There was a process we used (he used it first – I just followed the master) called Orton Frames (or the Orton Method). The process involved two over-exposed images of the same subject – one in focus and one very much not. The two images are then combined to create a correctly exposed image with both a sharp and softened focus creating a dreamy kind of image with warm, saturate tones.
Somehow it’s just not as satisfying a process since the tactile nature of the process is gone. Now it’s just duplicate the layer in Photoshop, apply a Gaussian blur and change the blending mode to multiply. Fuss with the layer opacity a bit until you’re happy and that’s it.
Somehow it the images seemed so much more satisfying when I had to shoot them separately and combine them and align them by hand. Doing this with Photoshop is just a bit disappointingly easy.
Yesterday morning, a salesperson came to my door telling me she’s aerating lawns in the area and would I like her to aerate mine. I said no thanks. She decided to push on anyway. She started by telling me about the virtues of lawn aeration and what it can do for my lawn. She then pointed out the bare patches in my lawn that need desperate help. I told her how we only just moved in before winter arrived and with Spring only young in Edmonton, perhaps it was a bit soon to panic.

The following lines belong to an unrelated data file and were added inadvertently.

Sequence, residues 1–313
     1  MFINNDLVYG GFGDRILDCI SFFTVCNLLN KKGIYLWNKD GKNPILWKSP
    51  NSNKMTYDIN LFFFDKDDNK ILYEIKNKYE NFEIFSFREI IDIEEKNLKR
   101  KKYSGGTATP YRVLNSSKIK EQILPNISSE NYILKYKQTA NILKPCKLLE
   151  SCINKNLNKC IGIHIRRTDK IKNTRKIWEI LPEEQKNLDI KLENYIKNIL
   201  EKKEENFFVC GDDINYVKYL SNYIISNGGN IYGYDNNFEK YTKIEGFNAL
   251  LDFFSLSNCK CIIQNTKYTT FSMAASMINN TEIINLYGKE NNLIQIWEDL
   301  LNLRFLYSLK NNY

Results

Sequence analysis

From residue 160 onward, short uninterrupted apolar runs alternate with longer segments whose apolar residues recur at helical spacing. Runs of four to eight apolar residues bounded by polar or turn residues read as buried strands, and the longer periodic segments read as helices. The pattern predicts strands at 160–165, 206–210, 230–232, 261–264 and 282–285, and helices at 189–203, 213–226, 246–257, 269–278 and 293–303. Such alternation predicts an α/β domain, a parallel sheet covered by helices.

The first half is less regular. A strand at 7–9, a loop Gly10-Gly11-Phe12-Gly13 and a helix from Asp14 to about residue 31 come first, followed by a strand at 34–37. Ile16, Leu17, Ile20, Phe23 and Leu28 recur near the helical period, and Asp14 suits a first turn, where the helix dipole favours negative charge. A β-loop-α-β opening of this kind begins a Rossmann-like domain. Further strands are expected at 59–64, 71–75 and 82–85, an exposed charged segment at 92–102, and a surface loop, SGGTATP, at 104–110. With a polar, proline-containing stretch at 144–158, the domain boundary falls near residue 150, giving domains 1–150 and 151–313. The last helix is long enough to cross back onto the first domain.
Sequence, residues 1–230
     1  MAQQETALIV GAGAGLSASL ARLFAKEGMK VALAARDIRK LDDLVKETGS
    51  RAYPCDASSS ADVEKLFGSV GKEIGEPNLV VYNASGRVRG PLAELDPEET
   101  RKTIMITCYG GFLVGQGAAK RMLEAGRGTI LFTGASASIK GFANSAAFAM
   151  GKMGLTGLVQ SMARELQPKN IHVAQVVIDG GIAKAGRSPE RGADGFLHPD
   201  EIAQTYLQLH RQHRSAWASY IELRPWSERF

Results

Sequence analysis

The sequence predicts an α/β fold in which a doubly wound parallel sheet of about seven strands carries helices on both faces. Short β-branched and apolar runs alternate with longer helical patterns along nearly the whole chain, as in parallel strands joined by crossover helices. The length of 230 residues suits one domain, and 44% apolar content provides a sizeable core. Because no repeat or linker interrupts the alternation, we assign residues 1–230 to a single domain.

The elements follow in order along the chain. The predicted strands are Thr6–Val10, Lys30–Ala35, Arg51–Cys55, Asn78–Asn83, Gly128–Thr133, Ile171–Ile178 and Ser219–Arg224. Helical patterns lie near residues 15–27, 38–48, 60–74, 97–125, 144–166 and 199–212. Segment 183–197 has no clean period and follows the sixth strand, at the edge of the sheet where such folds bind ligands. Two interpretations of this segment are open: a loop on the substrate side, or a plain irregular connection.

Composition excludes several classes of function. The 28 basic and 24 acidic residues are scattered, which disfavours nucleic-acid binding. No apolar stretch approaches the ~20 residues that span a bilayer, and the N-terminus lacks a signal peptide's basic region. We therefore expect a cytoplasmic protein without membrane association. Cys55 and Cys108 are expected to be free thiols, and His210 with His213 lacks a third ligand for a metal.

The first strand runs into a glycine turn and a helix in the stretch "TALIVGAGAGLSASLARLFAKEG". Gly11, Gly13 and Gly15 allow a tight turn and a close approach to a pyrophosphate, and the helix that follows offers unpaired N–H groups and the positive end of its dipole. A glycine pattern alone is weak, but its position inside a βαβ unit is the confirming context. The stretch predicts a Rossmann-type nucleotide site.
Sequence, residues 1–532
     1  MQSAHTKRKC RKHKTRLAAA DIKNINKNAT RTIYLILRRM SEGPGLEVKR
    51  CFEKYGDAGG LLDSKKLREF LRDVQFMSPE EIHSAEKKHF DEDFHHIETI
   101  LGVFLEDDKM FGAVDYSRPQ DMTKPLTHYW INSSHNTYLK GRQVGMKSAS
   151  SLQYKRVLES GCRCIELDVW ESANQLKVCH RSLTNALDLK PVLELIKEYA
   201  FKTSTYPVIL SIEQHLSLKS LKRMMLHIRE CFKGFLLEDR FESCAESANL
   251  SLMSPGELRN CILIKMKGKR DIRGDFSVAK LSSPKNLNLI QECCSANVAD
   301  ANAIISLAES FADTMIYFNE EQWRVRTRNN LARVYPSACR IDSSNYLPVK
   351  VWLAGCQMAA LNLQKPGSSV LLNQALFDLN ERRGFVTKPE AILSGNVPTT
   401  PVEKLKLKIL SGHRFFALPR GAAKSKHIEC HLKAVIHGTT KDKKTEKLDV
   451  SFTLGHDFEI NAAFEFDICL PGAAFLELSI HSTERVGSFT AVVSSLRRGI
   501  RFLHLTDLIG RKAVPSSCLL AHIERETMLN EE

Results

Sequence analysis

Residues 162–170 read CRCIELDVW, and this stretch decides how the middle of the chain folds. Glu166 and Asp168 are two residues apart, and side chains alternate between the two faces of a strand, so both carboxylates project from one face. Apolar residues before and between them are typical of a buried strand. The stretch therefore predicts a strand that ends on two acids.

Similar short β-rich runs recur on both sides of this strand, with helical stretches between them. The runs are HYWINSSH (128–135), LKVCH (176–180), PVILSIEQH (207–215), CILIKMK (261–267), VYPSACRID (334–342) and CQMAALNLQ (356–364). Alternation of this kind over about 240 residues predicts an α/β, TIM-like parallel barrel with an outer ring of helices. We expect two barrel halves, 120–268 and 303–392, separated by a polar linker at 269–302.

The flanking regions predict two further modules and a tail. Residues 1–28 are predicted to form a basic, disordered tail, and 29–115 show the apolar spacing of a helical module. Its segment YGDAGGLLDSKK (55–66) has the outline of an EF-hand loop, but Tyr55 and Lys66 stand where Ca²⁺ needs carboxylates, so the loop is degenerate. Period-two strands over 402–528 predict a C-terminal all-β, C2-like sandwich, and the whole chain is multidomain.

Concerned that she wasn’t quite engaging my interest she said I must be embarrassed to have people over with my lawn looking like it does. At this point, I take a step back into my house to subtly indicate that she has put me off a bit with her aggressive tone. She didn’t notice. She then suggested that I must not care about my lawn and wanted to know if I even water it.
I suggested that her sales approach was perhaps a bit aggressive and she might want to try not insulting her prospective clients as that might lead to fewer sales. She assured me that she is the top salesperson in her company so she must be doing something right.